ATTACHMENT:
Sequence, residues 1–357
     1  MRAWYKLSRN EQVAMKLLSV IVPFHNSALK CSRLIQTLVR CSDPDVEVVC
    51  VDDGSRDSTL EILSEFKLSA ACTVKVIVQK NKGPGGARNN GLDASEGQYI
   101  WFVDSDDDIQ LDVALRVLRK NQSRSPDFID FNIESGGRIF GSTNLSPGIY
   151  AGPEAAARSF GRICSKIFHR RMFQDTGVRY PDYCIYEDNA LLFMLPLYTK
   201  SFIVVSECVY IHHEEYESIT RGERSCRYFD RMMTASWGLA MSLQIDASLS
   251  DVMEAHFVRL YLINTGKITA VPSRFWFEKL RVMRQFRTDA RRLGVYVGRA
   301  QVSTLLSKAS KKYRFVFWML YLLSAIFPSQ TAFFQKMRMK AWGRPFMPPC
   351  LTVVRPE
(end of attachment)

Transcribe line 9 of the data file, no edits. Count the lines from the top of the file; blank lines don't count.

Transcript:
   351  LTVVRPE